Not only that, hospitality and retail – sectors which both employ a disproportionate number of females – are the two industries that have been hardest hit. A recent report by global business consultancy McKinsey has stated that while grocery and online retail has, not surprisingly, increased during lockdown, this increased expenditure has not managed to outweigh the number of closures in non-food retail – clothes shops, homeware, or galleries, like Alison’s. Accommodation and catering are next in the firing line, services vulnerable because it’s difficult to see how they can be performed remotely or with strict social distancing in place.
Rethinking the future
Anyone skimming such reports would be forgiven for thinking the worst. But unprecedented times can give way to unprecedented thinking and one figure who has been a vocal advocate of a fresh approach to business is Kate Hardcastle MBE, known also as television’s Customer Whisperer. Kate, 43, founded business consultancy Insight With Passion (IWP) in 2009 after a stellar career in marketing, which saw her turn around the fortunes of bed manufacturer Silentnight during her time as its head of marketing (“I developed a leading international online retail business in 2004, so still very early in that respect, and that gave me a lot of knowledge about how to help businesses transform,” she explains), train in strategic alliances at global business school INSEAD and win a seat at the boardroom table by the age of 30.
Her time working across Asia in global sourcing – sometimes being the first Caucasian woman many of the factories had seen – and learning both about international business, but also more functional skills such as manufacturing techniques, has meant that she can overlay the operational with the commercial and find common ground. It has proved to be an extremely fruitful mix. “What’s unique about IWP is that I can use my experience in operations, international trade and buying, for instance, and then apply them with the customer-facing side so we find a bridge,” Kate explains.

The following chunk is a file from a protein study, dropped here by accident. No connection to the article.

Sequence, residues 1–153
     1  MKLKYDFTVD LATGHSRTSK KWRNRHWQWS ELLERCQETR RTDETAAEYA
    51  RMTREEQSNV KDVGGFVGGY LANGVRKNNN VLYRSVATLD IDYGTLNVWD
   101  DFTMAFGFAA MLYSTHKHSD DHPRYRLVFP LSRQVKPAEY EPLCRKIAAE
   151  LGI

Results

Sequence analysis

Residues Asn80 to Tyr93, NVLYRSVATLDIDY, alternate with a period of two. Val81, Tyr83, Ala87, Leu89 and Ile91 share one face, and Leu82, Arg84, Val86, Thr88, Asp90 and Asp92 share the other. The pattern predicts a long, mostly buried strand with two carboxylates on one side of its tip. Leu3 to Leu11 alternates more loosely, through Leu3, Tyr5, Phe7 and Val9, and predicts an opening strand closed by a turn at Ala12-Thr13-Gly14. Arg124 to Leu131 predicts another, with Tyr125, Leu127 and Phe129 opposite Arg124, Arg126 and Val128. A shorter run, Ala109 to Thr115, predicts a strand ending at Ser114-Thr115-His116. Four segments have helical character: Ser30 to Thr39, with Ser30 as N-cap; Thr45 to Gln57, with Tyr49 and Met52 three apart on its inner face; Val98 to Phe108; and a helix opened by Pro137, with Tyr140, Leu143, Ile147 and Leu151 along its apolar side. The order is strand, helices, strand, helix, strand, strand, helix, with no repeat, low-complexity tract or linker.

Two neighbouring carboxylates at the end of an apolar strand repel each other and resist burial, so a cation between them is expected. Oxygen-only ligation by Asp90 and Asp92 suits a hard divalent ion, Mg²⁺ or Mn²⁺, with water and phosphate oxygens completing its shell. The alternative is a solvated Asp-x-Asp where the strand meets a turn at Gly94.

IWP is, in essence, a transformation business that works with clients across the globe to restructure their current set-up. By reimagining the relationship with the customer (and by walking the shop or factory floor in addition to driving strategic changes), Kate and her team pride themselves on getting to know each organisation they work with and its supply chain and customers, finding creative, workable, and ultimately successful, solutions.
Insight with Passion also looks to transform businesses by also using Kate’s training in strategic alliance and partnerships – often bringing together complementing businesses with similar target audiences to help ideas and projects thrive. “The idea of working together collaboratively has always been our direction when many others would do the opposite,” she says. “We do things differently and it works.”
The facts support this statement. Kate has won countless awards and accolades (including Yorkshire Business Woman of the Year in 2018, the same year she was honoured by the Queen for her services to business) and IWP’s in-built corporate social responsibility (CSR) programme, Access For All, which requires her employees to give 20% of their working hours to start-ups and charities free of charge, is also making waves.
Access For All means that micro-businesses and not-for-profits – often founded by women – get exposed to expertise allowing them to grow and develop, which might otherwise cost them thousands – perhaps best framed as a B2B mentoring scheme. We hear a lot about sending the ladder back down and anyone having heard Kate’s keynote speeches or seen her talk knows she’s a champion for women in business. Access For All is her walking the walk, not just paying it lip service.